It is often said that imitation is the highest form of flattery. In most cases this may be true, but when it comes to your identity and personal information, it’s just plain illegal. Pretending to be someone you’re not is also known as identity fraud and is an all too common scam that can have lasting effects on your credit history. This type of scam is particularly prevalent around tax season. According to the Fair Trade Commission, tax identity theft happens when someone gets a tax refund or a job using a Social Security number that is not legally assigned to them.
As you know, income earners in the U.S. are required to pay taxes to the Internal Revenue Service (IRS) annually on or before April 15th. Many Americans look forward to this season because of the lump sum of money they expect to receive in return for over payment of taxes throughout the previous tax year. For this same reason, predators may be inclined to use the Social Security number, Tax ID number, or other personal identity information to fraudulently file with the hopes of receiving funds that are meant for someone else.
IRS figures show that over a thousand identity theft investigations were conducted in 2014. In 2013 there was a 66 percent increase in identity theft related criminal investigations over the previous year.
“Prosecution recommendations, indictments, and those convicted and sentenced for identity theft violations have increased dramatically since FY 2011. Sentences handed down for convictions relating to identity theft have been significant, ranging from two months to 317 months (irs.gov). ”
While these statistics can be startling, there is no need to panic. Along with tax season comes an influx in tax related fraud. Once the deadline mentioned above has come and gone it is reasonable to expect a decrease in the number of tax and refund related fraud incidents. However, identity theft and fraud will hardly disappear with the passing of tax season. With the constant innovation and invention of new, faster, more convenient, and automated ways to use technology to meet our personal and business commerce needs comes the inevitable advent of new ways for crooks to exploit those advancements. As the IRS and other agencies crack down on identity and tax fraud, thieves are steadily searching for new ways to turn a profit.
There are, however, some key ways that you can equip and protect yourself during this season and throughout the year!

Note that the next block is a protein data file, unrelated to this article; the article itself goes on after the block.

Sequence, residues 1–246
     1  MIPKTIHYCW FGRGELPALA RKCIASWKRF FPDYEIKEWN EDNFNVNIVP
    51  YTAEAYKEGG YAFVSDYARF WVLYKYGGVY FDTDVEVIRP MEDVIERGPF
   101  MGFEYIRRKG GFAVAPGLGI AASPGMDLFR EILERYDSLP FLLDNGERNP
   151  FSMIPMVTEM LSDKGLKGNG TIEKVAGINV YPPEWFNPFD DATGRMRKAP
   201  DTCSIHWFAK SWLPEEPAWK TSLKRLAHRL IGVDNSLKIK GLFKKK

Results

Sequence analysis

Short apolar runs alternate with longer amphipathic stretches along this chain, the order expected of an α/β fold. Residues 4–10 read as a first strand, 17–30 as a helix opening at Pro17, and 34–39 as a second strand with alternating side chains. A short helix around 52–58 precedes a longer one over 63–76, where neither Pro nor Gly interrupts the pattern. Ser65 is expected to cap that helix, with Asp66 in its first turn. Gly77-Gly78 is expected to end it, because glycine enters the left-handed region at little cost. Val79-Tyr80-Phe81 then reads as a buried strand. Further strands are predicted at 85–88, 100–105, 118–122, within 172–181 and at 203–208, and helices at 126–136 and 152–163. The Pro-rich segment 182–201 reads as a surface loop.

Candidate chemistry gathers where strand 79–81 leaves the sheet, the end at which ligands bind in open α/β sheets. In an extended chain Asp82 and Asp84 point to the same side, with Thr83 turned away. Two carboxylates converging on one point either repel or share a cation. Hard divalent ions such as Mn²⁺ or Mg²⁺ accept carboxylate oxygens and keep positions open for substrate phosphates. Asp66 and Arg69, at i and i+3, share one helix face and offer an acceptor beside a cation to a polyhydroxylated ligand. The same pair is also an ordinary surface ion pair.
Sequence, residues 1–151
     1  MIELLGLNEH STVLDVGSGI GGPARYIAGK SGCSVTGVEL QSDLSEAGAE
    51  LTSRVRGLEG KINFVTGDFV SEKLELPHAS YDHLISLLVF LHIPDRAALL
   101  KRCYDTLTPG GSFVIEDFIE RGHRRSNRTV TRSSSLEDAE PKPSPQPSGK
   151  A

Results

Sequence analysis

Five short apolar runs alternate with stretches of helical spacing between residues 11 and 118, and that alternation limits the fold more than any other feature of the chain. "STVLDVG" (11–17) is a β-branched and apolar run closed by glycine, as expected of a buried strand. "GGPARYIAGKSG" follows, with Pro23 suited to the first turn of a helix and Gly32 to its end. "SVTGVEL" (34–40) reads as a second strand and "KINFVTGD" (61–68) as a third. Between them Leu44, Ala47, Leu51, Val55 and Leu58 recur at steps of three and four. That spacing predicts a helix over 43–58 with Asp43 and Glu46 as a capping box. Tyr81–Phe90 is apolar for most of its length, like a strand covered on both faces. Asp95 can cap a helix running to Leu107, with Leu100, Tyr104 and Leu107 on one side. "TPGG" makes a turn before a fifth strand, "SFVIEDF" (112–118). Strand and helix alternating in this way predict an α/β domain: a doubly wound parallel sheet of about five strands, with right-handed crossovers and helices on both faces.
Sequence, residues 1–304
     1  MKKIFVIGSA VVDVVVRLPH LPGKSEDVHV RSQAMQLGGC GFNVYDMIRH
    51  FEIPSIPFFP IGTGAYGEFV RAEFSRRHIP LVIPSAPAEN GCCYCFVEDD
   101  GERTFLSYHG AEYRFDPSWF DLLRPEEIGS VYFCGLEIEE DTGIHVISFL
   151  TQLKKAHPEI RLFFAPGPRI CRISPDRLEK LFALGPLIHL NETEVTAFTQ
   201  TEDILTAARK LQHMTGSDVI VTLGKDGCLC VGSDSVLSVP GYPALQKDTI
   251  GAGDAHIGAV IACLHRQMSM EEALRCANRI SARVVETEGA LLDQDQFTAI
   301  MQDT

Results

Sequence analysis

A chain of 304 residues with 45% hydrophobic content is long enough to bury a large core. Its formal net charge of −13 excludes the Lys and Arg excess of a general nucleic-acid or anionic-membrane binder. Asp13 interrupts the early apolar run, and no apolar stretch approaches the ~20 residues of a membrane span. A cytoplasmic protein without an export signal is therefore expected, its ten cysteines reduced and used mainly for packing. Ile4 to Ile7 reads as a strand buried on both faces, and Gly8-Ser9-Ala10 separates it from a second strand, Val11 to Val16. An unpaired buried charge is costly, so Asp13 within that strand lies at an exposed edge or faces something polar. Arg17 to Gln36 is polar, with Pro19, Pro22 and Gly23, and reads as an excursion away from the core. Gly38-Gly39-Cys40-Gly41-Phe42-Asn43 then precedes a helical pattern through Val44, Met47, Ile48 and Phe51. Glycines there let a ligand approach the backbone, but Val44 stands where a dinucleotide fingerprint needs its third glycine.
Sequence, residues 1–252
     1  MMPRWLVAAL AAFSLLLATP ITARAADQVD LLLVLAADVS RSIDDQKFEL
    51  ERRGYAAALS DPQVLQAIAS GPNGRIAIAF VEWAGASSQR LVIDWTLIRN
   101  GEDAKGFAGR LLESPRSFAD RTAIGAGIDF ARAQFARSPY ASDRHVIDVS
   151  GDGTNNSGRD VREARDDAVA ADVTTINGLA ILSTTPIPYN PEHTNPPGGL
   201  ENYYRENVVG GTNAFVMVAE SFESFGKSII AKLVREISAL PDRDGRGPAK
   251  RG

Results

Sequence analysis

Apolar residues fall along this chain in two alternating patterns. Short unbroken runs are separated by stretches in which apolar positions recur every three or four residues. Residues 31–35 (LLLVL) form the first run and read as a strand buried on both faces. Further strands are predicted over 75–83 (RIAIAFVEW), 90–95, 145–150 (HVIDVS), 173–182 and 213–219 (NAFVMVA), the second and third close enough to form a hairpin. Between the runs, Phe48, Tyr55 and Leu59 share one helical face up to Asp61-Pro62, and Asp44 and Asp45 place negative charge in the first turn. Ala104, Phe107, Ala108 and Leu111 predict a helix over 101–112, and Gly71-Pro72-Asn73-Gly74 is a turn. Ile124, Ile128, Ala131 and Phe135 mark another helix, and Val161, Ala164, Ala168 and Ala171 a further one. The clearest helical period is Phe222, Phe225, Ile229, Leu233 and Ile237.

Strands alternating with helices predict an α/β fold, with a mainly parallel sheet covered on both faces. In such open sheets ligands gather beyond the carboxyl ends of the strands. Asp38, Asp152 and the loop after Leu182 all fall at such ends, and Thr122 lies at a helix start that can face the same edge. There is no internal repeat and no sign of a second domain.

- Check your credit card and bank statements regularly and avoid questionable links or sites.
- Monitor your credit regularly. Not only will this keep you on track towards LuxuriousCREDIT™, it can also prompt you sooner than later in the event your personal information is compromised.
- List all of your credit card and financial account numbers along with expiration dates and pertinent phone numbers and company contact information. This information should be filed in a secure place. This practice will allow you to alert your creditors quickly in order to prevent possible identity theft if your purse or wallet is ever lost or stolen.
- Closely monitor your credit and familiarize yourself with what should be appearing on it. Credit monitoring services are a great tool in this regard and can help prevent identity theft by alerting you when changes appear on your credit report.
- Be cautious with your personal information and aware of contacts and solicitations from potential scammers. The Federal Trade Commission (FTC) reports that Internal Revenue Service imposters are the #1 imposter scam and they’re on the rise. Fake agents using fake caller ID that may appear official and actually say “IRS” are contacting individuals demanding payments in the form of prepaid cards or wire transfers. These scammers may know several pieces of your personal information to include the last four digits of your Social Security number. They may even threaten and try to scare you with promises of wage garnishment, bank account levies, deportation, or worse. The best way to protect yourself from such fraud is to know the facts and know your rights.
The IRS will always initiate contact by postal letter, not a phone call. The IRS will never ask for payment in the form of prepaid cards or wire transfers, neither will they ask for your credit card information over the phone. If you receive such a call you can help put an end to this type of fraud by contacting the Treasury Inspector General for Tax Administration at tigta.gov. You may also file a formal complaint with the FTC at ftc.gov/complaint. Finally, you can always contact the IRS directly by calling 800-829-1040.
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